Horse versus machine: Battles in the betting shop

Abstract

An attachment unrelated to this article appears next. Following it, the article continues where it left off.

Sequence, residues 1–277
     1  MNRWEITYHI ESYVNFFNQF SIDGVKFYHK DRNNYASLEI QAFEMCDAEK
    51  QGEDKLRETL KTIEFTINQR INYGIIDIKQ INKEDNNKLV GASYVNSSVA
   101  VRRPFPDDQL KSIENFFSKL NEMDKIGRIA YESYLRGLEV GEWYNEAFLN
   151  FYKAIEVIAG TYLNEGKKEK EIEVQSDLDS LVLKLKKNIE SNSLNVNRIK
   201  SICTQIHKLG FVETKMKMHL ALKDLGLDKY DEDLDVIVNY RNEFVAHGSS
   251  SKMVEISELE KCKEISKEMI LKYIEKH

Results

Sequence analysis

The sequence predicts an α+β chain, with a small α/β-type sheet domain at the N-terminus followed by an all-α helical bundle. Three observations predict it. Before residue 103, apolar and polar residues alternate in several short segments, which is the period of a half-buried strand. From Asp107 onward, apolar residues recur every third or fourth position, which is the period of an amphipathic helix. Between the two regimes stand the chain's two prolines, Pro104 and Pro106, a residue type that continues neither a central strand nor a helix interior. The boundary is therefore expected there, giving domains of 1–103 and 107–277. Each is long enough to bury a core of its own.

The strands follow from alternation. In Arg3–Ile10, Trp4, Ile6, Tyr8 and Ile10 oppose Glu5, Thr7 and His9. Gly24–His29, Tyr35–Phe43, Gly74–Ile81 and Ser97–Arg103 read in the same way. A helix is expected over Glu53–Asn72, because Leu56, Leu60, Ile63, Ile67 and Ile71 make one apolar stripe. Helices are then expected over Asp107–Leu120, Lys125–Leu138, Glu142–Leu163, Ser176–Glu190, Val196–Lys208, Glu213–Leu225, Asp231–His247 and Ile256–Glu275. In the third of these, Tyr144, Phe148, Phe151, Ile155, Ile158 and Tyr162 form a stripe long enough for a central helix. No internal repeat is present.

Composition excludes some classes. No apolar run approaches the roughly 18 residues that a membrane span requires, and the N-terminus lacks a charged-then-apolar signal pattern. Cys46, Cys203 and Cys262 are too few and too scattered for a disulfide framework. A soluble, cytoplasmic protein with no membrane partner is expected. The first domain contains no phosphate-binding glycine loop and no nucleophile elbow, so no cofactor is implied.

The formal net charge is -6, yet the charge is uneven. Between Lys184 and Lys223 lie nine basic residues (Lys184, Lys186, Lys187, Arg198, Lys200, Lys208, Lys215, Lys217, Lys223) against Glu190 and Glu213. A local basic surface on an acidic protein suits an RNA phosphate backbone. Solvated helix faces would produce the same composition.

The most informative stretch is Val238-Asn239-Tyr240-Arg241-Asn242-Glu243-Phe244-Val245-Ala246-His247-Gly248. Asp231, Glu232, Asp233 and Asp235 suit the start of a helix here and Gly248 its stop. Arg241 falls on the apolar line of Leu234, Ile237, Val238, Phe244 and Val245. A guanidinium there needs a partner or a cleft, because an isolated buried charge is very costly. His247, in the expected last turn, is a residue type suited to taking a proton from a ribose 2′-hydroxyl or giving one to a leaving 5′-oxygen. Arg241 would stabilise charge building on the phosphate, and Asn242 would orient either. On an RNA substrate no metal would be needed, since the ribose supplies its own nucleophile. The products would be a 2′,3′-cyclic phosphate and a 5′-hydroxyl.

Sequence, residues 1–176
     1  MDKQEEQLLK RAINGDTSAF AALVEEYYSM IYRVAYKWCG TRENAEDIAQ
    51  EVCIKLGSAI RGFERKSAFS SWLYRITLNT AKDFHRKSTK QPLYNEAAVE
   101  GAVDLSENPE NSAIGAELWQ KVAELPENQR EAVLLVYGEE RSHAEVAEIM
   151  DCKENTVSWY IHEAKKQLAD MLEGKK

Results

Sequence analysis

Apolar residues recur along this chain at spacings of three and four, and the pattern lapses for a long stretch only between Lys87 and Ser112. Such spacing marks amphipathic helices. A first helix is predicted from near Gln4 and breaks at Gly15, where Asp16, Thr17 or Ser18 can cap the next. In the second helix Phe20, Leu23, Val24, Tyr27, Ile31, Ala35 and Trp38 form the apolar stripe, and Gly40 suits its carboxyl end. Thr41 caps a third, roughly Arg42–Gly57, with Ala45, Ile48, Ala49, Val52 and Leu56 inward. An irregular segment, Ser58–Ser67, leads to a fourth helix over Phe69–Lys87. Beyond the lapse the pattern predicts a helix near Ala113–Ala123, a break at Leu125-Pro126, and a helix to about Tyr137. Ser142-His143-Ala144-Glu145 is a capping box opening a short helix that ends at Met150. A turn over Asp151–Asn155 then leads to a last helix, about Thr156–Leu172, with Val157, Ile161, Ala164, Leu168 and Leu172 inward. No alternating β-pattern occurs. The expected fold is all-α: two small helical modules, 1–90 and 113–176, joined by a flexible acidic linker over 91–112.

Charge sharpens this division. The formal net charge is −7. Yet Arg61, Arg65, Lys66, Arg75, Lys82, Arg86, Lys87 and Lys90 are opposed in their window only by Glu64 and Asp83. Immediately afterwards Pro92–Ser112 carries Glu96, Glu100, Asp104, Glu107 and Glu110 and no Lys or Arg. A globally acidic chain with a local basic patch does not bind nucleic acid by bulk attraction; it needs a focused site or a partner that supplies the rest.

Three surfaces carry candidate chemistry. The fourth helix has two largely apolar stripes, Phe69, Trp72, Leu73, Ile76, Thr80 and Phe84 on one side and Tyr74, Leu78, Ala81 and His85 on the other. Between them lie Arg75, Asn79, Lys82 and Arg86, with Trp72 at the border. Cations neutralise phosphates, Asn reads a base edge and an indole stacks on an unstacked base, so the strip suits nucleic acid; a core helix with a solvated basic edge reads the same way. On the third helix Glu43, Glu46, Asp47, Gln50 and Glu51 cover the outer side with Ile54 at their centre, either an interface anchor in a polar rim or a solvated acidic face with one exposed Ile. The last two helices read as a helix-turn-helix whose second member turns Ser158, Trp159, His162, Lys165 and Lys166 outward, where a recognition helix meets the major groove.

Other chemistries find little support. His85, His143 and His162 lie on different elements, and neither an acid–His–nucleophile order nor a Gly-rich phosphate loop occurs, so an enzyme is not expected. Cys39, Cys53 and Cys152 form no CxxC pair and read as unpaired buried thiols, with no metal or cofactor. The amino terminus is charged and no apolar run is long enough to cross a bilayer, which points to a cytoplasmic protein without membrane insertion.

Changes in regulation and taxation during the past decade have had a profound effect on the experience of betting in dedicated shops in the United Kingdom. This article explores how betting shop customers and staff in London have responded to the introduction of gambling machines depicting roulette and other casino-type games in an environment that was traditionally dedicated to betting on horse and dog racing. The rise of machine gambling has been presented as a transition from ‘social’ to ‘asocial’ forms of gambling by researchers working in the {UK}, Las Vegas, and Australia. Traditional bettors and betting shop staff also present betting and machine play as discrete and value them differently. I show that while some of the experiential qualities of machine play observed elsewhere have been replicated in shops, the differences between traditional betting and machine play are overstated, for structural reasons. Traditional bettors and staff are interested in distinguishing their activities from those of newcomers. Responses to new gambling media in betting shops are socially, as well as experientially, mediated, a crucial insight for the wider study of gambling and gambling regulation.

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